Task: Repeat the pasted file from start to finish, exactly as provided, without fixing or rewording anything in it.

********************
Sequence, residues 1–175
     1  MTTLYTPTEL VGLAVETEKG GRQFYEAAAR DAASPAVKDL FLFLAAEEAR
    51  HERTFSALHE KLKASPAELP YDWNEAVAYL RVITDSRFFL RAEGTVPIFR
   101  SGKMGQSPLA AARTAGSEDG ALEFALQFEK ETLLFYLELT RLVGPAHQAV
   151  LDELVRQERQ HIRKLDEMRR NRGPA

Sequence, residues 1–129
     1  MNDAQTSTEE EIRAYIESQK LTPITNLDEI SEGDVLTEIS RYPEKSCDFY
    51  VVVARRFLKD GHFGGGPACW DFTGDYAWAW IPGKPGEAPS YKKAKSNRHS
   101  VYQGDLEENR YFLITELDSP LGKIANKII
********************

Sequence, residues 1–175
     1  MTTLYTPTEL VGLAVETEKG GRQFYEAAAR DAASPAVKDL FLFLAAEEAR
    51  HERTFSALHE KLKASPAELP YDWNEAVAYL RVITDSRFFL RAEGTVPIFR
   101  SGKMGQSPLA AARTAGSEDG ALEFALQFEK ETLLFYLELT RLVGPAHQAV
   151  LDELVRQERQ HIRKLDEMRR NRGPA

Sequence, residues 1–129
     1  MNDAQTSTEE EIRAYIESQK LTPITNLDEI SEGDVLTEIS RYPEKSCDFY
    51  VVVARRFLKD GHFGGGPACW DFTGDYAWAW IPGKPGEAPS YKKAKSNRHS
   101  VYQGDLEENR YFLITELDSP LGKIANKII